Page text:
Central bank governor Sethaput Suthiwartnarueput said on Thursday (Oct 27) that the bank is collaborating with relevant regulatory agencies and the Thai Bankers’ Association to seek solutions for depositing cash at CDMs, reports Bangkok Post.
Amlo recently introduced a new rule which means depositors can only use plastic cards for cash deposits at the machines, in an attempt to prevent money laundering. The new rule sparked complaints from some consumers about the inconvenience.
The new rule was meant to come into force on Nov 15, but this has now been put on hold, according to Mr Sethaput.
Consumers can currently deposit money at CDMs by either inserting their plastic card or merely entering a bank account number.
"Solutions could include the use of an ID card number, one-time password, or mobile banking app. However, the central bank will have to discuss the matter with other related parties before making a decision," Mr Sethaput said.
He said the use of ID cards for financial transactions at CDMs could create a higher risk for consumers if, for instance, they forget to withdraw the cards from the machines.
At the same time, banks need to adjust the technology of CDMs to allow for the use of ID cards for money deposits, which would increase the banking sector’s operational costs, he said.
In a related matter, Mr Sethaput on Thursday said at a central bank seminar about digital finance that it wanted responsible innovation in the country’s digital technology development.
Besides building up productivity, he said responsible innovation development of the financial sector would help upgrade innovative technologies with more sustainability and resiliency, while improving financial inclusivity. Such innovation would open up more opportunities for underbanked people to better access financial services, while innovation development without responsibility would create higher risks for consumers as cyberrisks rise, said Mr Sethaput.
The central bank is attempting to strike a balance between innovation development and risk management of the financial sector. As a result, the bank believes regulations should not be an obstacle for the innovation development of the private sector, but rather should be a guard-rail supporting innovation development of the banking industry.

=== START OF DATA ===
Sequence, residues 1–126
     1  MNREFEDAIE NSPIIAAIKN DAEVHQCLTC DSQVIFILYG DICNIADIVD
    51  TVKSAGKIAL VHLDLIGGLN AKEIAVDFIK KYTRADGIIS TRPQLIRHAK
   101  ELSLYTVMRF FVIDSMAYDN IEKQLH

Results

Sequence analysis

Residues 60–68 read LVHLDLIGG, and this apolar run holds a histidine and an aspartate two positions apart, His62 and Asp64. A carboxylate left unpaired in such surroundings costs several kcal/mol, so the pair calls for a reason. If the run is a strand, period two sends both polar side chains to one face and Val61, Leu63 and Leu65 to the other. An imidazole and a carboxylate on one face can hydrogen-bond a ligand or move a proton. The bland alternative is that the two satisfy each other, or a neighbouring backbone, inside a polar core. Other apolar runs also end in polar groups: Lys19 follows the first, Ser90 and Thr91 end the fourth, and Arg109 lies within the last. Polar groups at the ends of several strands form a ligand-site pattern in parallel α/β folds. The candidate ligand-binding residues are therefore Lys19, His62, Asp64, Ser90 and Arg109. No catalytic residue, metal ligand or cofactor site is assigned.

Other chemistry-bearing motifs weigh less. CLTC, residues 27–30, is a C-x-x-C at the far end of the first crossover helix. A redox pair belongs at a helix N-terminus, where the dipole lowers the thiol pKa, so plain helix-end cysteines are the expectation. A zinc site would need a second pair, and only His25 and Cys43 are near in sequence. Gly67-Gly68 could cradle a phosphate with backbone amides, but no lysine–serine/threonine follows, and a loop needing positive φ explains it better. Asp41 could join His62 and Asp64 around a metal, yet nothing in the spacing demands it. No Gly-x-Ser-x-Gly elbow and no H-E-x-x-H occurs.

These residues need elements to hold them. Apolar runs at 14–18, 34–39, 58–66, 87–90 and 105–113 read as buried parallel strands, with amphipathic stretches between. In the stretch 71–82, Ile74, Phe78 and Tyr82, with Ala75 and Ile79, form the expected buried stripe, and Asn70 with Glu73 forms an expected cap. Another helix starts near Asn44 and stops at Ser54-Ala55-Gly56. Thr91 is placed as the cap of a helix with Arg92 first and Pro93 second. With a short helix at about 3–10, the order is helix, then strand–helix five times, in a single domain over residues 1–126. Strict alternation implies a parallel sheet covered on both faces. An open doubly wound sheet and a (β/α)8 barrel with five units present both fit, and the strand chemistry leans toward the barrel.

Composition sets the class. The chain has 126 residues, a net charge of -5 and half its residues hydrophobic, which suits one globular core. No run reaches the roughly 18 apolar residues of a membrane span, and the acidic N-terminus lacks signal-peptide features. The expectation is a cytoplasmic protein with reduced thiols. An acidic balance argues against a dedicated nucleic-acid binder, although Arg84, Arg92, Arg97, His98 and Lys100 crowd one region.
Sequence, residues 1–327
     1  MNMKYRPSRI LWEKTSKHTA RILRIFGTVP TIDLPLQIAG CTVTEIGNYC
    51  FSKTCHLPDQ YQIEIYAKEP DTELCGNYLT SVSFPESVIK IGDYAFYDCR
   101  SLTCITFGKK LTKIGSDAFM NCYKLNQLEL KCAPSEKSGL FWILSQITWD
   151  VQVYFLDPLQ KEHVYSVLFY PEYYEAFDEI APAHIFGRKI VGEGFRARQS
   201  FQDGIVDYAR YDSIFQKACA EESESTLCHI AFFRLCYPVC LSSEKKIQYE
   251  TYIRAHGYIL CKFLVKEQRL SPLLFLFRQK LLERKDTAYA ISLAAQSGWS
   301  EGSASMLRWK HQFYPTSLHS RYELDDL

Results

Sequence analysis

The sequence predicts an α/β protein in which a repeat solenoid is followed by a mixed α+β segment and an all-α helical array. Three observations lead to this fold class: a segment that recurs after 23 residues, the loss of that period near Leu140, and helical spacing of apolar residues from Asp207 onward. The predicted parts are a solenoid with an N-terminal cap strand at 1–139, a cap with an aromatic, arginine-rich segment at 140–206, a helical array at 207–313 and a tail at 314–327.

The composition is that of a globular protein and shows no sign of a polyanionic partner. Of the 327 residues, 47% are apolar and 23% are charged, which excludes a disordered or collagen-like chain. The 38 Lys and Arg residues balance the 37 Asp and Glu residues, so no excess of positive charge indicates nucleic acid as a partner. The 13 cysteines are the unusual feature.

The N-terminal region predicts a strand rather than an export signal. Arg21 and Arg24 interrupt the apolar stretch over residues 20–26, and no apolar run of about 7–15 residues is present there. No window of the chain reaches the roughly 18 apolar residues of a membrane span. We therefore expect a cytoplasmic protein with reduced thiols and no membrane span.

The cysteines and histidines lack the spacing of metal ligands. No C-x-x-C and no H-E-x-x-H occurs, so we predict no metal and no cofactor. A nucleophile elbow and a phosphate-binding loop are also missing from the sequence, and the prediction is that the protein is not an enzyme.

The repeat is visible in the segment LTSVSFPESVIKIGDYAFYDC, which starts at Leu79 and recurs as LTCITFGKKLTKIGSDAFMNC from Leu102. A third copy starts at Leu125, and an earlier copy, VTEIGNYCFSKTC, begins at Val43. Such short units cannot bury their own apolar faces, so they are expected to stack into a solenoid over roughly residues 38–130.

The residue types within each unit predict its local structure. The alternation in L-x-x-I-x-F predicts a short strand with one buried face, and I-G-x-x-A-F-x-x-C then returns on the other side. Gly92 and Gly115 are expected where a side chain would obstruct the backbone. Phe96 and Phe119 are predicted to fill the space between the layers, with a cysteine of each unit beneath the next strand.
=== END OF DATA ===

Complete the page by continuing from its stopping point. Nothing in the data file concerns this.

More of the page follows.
In addition, Mr Sethaput said the public sector or regulators should cooperate with the private sector to develop innovations, to benefit everyone and the overall economy. With the new direction, the regulators should set up clear requirements in order to solve pain points in each area and allow the private sector to develop innovations and technologies in response to their clear requirements.
The Bank of Thailand announced on Wednesday (Oct 26) that it had collaborated with the Hong Kong Monetary Authority, the Central Bank of the United Arab Emirates, the Digital Currency Institute of the People’s Bank of China, and the BIS Innovation Hub Hong Kong Center to successfully complete a pilot project using wholesale central bank digital currencies (wholesale CBDC) for real-value cross-border payment transactions, as part of the Multiple Central Bank Digital Currency Bridge Project.
The project is in the phase following Project Inthanon-LionRock Phase 2, which was conducted in 2021. Mr Sethaput said wholesale CBDC would be another game changer in the area of cross-border payments, in addition to PromptPay, Thailand’s existing digital payment infrastructure. The central bank will continue to create more use cases of wholesale CBDC for the next phase, he added.